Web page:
Frosty temperatures and drizzling rain didn't put a damper on the festivities at Saturday's sold-out Sweetlife Festival, which kicked off at noon at Merriweather Post Pavilion. The festival was bigger than ever, with performances on two stages, activities including face-painting and a "free compliment" booth, and possibly the best music-fest food options we've ever experienced (head over to Best Bites for photos of the grub).
The mainstage kicked off, oddly enough, with New York indie pop band Fun--they of Chevy Super Bowl ad fame. While the area in front of the stage was packed with excited teenagers and the band performed an energetic set, their early timeslot meant there were lots of empty seats. The band members showed impressive range--at one point guitarist Jack Antonoff pitched in on percussion with the drummer and keyboardist Andrew Dost pulled out a trumpet--and lead singer Nate Ruess smartly sidestepped some of the popular songs' Auto-Tuned passages, avoiding any painfully off-key moments. A$AP Rocky earned even louder cheers, and one member of his entourage kicked things off by jumping into the audience for a little crowd-surfing.
The Treehouse stage, by the Food Forest, at first attracted sparse crowds nodding their heads to the music in between bites
of food. But by the time chick rockers
Haim hit the stage, we were nearly knocked over by a pair of exuberantly dancing teens.
Fitz and the Tantrums pumped up the mainstage crowd with their doo-wop, sax-tinged rock, performing an eargasmic, crowd-involving cover of "Sweet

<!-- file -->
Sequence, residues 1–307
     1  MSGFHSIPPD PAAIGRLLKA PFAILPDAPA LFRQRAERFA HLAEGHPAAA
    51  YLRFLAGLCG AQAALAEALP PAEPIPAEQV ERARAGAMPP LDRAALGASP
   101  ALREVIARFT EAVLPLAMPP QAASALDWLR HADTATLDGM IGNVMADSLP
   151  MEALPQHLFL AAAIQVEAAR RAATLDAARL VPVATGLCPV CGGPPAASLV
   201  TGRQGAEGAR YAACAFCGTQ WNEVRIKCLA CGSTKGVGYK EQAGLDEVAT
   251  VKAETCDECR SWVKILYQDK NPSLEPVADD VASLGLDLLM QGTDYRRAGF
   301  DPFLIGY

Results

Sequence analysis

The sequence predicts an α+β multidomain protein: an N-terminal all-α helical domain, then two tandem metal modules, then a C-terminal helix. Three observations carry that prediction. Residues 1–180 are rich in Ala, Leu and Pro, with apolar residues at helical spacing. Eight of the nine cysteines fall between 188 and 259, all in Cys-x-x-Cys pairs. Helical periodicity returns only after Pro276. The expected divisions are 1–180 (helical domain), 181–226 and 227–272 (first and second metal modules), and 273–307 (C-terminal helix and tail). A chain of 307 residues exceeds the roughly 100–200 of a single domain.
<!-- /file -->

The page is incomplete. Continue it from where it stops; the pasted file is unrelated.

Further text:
Dreams." (We were slightly surprised by lead singer
Michael Fitzpatrick's yacht-club-chic ensemble of red pants, striped shirt, and blue blazer, which seemed oddly hipster for the band's sound,
though he made it work.)
The Shins, on the mainstage, drew the largest crowd of the day to that point; the pavilion area was filled to capacity (though that could also have had something to do with the rain, which had started falling in steady, chilling drips by then). Über-prepared concertgoers spread tarps on the lawn and huddled under blankets and umbrellas, soaking in James Mercer's crystalline voice along with the raindrops. Surprisingly popular also was the "9:32 nightclub." The small wooden room to the side of the mainstage held a rotating cast of deejays and a couple of bands throughout the day; thanks to a bar inside, the never-ending beats, and shelter from the rain, the "club" got packed early on and attracted a huge line by late afternoon.
So despite the weather (and the extremely high number of severely underdressed people), we're going to declare Sweetlife 2012 a sweet success.
Got a favorite moment from the Sweetlife Festival? Let us know in the comments!